Experts seek E.coli outbreak source
The source of an E.coli outbreak in Europe that has killed 16 people and affected a number in the UK has still not been pinpointed by scientists.
Germany's agriculture minister Ilse Aigner said experts are working round the clock to find the source of the unusual strain of the bacteria.
Vegetables are believed to have spread the outbreak but it is not known where, on the trip from field to shop, the contamination took place.
As well as those killed, more than 1,000 people have fallen ill, with 400 having severe, possibly deadly symptoms.
"Hundreds of tests have been done and the responsible agencies ... have determined that most of the patients who have been sickened ate cucumbers, tomatoes and leaf lettuce and primarily in northern Germany," Mr Aigner said. "The states that have conducted the tests must now follow back the delivery path to see how the cucumbers, or tomatoes or lettuce got here."
Contaminated cucumbers in Spain were initially blamed but additional tests showed they did not trigger the outbreak. However, Germans have been told to avoid eating the vegetable as well as tomatoes and lettuce.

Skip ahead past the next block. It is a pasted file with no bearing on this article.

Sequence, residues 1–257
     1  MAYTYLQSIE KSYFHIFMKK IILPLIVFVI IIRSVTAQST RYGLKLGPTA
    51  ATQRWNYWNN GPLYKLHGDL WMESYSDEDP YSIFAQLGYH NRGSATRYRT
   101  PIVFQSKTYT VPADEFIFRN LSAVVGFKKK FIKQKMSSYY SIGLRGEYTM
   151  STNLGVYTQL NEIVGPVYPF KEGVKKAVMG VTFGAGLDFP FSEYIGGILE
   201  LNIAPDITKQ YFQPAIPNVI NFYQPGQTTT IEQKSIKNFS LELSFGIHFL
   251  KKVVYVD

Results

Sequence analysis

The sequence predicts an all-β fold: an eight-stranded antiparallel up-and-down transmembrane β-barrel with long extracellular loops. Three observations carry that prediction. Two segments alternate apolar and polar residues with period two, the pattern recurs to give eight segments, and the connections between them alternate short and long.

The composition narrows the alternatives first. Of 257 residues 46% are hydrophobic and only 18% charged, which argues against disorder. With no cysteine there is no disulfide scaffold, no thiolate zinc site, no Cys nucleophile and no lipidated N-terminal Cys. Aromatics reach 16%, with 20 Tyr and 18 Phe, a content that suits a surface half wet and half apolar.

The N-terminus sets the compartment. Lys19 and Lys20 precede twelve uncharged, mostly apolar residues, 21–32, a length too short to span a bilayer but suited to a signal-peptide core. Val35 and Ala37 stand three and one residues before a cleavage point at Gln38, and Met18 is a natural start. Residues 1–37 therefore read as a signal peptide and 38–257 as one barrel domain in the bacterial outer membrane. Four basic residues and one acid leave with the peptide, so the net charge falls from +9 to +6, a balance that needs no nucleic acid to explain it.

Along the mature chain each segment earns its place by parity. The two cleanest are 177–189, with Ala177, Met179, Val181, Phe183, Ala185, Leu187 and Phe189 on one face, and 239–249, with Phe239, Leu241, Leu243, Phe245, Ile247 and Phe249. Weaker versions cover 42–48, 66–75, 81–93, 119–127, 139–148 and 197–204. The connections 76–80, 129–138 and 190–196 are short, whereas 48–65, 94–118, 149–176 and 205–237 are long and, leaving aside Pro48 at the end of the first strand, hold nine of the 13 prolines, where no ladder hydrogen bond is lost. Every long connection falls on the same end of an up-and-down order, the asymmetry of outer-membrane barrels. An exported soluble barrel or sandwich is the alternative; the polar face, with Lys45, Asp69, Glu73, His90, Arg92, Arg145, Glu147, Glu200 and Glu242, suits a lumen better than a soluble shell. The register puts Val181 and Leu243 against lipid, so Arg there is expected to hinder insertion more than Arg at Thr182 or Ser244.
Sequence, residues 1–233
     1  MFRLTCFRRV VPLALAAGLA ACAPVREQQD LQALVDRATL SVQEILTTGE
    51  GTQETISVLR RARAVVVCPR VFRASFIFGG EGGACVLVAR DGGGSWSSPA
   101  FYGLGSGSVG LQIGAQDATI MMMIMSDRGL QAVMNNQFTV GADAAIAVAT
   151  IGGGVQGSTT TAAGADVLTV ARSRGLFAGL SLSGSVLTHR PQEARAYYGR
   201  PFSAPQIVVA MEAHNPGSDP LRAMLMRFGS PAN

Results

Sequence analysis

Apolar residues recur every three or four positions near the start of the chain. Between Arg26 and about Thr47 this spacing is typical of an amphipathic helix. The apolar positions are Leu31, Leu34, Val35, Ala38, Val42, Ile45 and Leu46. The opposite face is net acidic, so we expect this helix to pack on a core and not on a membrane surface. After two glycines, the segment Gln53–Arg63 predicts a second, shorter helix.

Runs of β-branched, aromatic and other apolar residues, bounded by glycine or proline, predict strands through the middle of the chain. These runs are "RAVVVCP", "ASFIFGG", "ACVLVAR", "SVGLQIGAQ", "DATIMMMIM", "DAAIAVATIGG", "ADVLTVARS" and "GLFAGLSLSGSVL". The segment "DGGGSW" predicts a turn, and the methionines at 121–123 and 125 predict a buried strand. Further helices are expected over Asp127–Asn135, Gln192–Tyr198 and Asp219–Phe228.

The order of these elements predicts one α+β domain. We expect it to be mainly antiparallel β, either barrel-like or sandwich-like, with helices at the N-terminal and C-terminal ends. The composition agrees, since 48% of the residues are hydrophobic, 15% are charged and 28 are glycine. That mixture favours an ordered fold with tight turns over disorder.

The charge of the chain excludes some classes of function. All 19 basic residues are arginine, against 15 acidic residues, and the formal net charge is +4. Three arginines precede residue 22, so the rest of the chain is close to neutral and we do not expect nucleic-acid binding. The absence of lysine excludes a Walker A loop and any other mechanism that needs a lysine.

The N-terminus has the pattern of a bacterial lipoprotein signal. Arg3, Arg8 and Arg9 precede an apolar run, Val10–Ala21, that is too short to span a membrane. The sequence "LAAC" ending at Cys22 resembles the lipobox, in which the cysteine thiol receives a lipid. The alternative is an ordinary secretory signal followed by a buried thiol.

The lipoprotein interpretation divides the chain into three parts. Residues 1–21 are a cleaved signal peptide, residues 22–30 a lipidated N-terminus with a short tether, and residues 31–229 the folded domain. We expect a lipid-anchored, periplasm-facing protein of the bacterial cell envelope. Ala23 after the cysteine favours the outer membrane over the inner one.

E. coli outbreaks are fairly common in Britain and Europe but it is rare for them to lead to deaths.
However, the outbreak centred on Germany - enterohaemorrhagic E.coli, or EHEC - is more serious, ranging from bloody diarrhoea to the rare hemolytic uremic syndrome (HUS) in which the kidneys are attacked, leading to seizures, strokes and comas.
In Germany, at least 373 people have been affected by HUS.
According to the World Health Organisation, there have been 400 cases of HUS and 843 of EHEC across Europe.
Austria, Denmark, Germany, the Netherlands, Norway, Spain, Sweden, Switzerland and the UK have all seen cases. Apart from two cases, those affected live in Germany or had had recently visited northern Germany.